Tiffany Adams is running late.
I saw that coming even before she texted me at 4:19 p.m., 11 minutes ahead of our arranged meeting at a coffee shop on Sydenham Street: “Hey I’m running a little late but I’m on my way!” First, she’s driving in from Bensalem, and it’s almost rush hour. Second, in our limited interactions leading up to today, she’s given off a distinctly unhurried vibe — not a lack of punctuality, but a casualness about time itself, as though her presence in this dimension is strictly voluntary. Also, she has six boyfriends, give or take a few, which is already stretching the limits of temporality.
Tiffany and most of her boyfriends are polyamorous, meaning that they’re free to pursue multiple romantic relationships at once. A very abridged overview of their situation: Tiffany, 28, and her live-in partner, Phillip Weber, 30, have been together for five years, although they don’t consider their relationship more important on the basis of longevity. Phillip has two other girlfriends, Mae Esposito and Heather (who asked that her name be changed for this story). Tiffany is going out with Josh Kerner, 31, who is also dating Mae and Heather. Simultaneously, Tiffany is seeing Jon Dodge (increasingly serious), Adam (an “intimate friend”), and Mark (not even poly). All of her partners and her partners’ partners have complicated networks of their own. As if managing these relationships isn’t enough, Tiffany runs a 200-plus-member secret group called Polydelphia, an online community for Philly’s young poly cohort. When she’s not being polyamory-extraordinaire-about-town, she works a full-time job as a nurse. Oh, and she’s in a band. Hence her inevitable lateness.
She walks in 45 minutes behind schedule, wearing a pair of gray cowboy boots that, with her round, freckled face, give her the appearance of a modern Laura Ingalls Wilder. But here’s the thing about Tiffany: When she’s with you, she’s 100 percent with you, and you’ll forget that she was late in the first place. She makes direct eye contact. She barely looks at her phone. We talk in the coffee shop until the barista shuts off the lights in the pastry case, and she ends up missing part of band practice.
This is how she manages to juggle so many commitments: She doesn’t try to be everywhere at the same time. But it hasn’t always come this easy. As she sips her coffee, she explains that she’s a recovered serial monogamist who bounced from one intense relationship to the next without giving herself room to breathe. She once broke up with a girlfriend of three years and started what would become an almost year-long relationship with someone else in the span of several hours. Being polyamorous, she says, without a hint of irony, has helped her figure out how to get her needs met without losing herself in the process.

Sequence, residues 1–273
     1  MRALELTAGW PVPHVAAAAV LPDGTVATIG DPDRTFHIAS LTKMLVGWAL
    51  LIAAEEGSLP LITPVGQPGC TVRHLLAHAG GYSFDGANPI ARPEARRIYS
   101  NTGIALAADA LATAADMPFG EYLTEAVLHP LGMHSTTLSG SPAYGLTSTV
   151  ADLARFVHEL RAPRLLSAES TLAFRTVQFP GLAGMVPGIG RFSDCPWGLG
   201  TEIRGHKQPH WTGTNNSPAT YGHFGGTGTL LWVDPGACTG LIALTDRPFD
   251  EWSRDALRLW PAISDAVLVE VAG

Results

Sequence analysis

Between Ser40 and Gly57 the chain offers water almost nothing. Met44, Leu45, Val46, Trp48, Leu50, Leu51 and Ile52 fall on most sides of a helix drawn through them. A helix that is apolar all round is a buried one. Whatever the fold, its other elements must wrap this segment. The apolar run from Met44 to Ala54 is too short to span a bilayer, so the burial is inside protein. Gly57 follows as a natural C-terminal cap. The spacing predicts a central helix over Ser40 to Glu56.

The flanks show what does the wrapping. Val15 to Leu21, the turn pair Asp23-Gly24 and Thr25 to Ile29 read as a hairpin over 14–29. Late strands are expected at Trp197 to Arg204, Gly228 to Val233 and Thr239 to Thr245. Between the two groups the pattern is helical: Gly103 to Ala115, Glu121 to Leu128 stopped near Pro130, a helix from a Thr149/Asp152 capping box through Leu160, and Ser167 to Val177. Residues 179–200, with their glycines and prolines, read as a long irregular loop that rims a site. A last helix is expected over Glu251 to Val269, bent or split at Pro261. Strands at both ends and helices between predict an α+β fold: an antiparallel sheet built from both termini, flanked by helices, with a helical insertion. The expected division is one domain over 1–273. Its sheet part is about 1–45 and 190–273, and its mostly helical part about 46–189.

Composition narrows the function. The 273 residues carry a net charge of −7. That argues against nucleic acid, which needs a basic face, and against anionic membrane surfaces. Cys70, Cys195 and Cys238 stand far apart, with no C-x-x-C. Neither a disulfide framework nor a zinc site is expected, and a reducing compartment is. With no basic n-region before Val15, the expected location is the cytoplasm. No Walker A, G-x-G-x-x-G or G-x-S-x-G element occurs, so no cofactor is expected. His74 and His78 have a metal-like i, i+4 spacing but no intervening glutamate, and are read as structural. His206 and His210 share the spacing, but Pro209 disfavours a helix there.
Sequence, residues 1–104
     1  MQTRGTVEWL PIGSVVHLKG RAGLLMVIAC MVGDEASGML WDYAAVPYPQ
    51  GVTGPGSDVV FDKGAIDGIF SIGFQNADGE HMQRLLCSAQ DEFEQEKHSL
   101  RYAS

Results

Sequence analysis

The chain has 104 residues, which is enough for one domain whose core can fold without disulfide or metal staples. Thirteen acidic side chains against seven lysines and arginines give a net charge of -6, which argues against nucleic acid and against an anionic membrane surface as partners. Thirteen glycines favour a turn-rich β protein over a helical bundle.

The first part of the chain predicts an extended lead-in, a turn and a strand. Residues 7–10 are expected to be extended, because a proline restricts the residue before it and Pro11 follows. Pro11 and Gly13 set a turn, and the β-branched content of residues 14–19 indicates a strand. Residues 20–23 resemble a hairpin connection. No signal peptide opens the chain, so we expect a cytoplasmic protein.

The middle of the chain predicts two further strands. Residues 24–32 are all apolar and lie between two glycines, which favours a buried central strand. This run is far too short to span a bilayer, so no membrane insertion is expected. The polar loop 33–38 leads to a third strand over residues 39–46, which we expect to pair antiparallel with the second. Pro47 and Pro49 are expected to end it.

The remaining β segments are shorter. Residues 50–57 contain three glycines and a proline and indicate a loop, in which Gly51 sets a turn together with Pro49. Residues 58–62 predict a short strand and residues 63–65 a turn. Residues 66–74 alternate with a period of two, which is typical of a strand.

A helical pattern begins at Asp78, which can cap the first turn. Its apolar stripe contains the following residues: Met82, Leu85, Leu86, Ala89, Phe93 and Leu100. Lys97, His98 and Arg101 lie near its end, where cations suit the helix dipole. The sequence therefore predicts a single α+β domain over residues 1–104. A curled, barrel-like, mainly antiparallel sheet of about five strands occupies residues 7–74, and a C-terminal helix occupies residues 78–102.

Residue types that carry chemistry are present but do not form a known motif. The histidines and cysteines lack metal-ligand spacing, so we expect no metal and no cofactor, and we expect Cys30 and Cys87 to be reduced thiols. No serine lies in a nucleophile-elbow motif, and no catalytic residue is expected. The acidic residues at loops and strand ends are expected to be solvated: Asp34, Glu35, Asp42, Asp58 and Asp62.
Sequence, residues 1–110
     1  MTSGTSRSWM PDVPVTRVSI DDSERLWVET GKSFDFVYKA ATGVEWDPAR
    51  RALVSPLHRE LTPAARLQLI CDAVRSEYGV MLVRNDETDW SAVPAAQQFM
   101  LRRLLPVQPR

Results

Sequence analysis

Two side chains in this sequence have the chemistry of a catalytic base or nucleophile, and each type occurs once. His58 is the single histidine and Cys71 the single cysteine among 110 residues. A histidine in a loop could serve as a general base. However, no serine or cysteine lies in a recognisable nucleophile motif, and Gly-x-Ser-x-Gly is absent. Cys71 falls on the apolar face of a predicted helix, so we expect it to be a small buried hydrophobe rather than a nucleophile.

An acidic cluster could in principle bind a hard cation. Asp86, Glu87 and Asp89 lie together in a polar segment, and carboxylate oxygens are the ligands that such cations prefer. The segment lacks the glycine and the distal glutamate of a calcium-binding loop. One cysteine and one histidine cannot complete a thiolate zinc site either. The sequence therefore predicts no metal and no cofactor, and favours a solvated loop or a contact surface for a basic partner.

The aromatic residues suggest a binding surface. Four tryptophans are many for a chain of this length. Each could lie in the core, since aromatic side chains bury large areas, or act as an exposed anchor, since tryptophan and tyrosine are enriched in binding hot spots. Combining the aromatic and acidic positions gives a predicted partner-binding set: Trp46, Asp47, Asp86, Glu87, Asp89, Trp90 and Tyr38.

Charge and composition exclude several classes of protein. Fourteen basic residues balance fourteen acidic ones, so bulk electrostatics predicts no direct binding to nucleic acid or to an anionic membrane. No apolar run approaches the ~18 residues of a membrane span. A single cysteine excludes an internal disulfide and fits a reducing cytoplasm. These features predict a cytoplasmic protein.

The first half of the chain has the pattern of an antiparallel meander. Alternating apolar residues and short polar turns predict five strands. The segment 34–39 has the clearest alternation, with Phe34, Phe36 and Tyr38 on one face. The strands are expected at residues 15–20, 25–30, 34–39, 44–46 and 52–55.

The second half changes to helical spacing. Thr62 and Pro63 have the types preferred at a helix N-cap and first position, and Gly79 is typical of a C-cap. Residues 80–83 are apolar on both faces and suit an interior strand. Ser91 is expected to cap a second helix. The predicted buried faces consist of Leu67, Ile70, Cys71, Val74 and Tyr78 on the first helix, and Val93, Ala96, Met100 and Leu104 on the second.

In theory, polyamory sounds like a dream come true for a chronically indecisive generation: a plastic arrangement that promises companionship, novelty and opportunities for sex galore, unencumbered by jealousy. A growing number of people are already revising the traditional relationship script, and keeping one’s options open — for fear of seeming complacent — feels like a new cultural mandate. When Tiffany met her longest-term partner, Phillip, in 2010, she told him right away that she wanted an open relationship. Phillip agreed. With just a few exceptions, they’ve been happily polyamorous ever since.
AS THE STORY goes — at least, the one we’ve been told by the likes of Leave It to Beaver — Americans were once happily monogamous, both protected and isolated by the social contract of the nuclear family. Then came the sexual revolution of the ’60s, and that contract was broken, making navel-gazing hedonists of us all. Divorce rates shot up over the next two decades, and now we’re slowly starting to pick up the pieces. This reconciliation looks like a lot of different things: divorced coparenting, having kids without getting married, and long-term cohabitation, to name just a few nascent trends in coupledom.
But there’s still much gnashing of teeth over the halcyon days of monogamy, despite the vast body of research indicating that we’ve never been as faithful as we’d like to believe. One study found that up to 70 percent of married men and women have cheated on their partners.
It’s one thing to tacitly accept that till-death-do-us-part monogamy may not be a realistic goal; it’s another to eschew exclusivity altogether. But since the beginning of human history, there have always been people like Tiffany. In the late 1960s and early ’70s, multi-partner relationships thrived on the streets of Haight-Ashbury and in suburban living rooms alike, unbeknownst to most of the world. The word “polyamory” was supposedly minted in the 1990s by a Wiccan priestess named Morning Glory Zell-Ravenheart, effectively guaranteeing it would remain an obscure term until someone not named Morning Glory Zell-Ravenheart started using it.
But lately, the concept of fluidity in relationships has been inching its way into the zeitgeist — through TV shows like Married & Dating, through articles in the Atlantic and Rolling Stone, through the endorsements of celebrities like Maria Bello and Tilda Swinton. This increased visibility is partly a function of the Internet and social media, where everything that was once considered niche now lives at our fingertips. But polyamory also seems to be gaining currency as we search for a relationship model that can withstand the complexity of modern life. The numbers prove there’s growing interest: As many as 12 million Americans practice some form of consensual non-monogamy today. There are poly meet-up groups in major cities on both coasts, including the notoriously in-the-box Philadelphia — which, incidentally, has hosted an annual polyamory conference since 1995. And now, thanks in part to Tiffany’s organizing efforts, polyamory is having something of a moment among Philly’s under-40 set.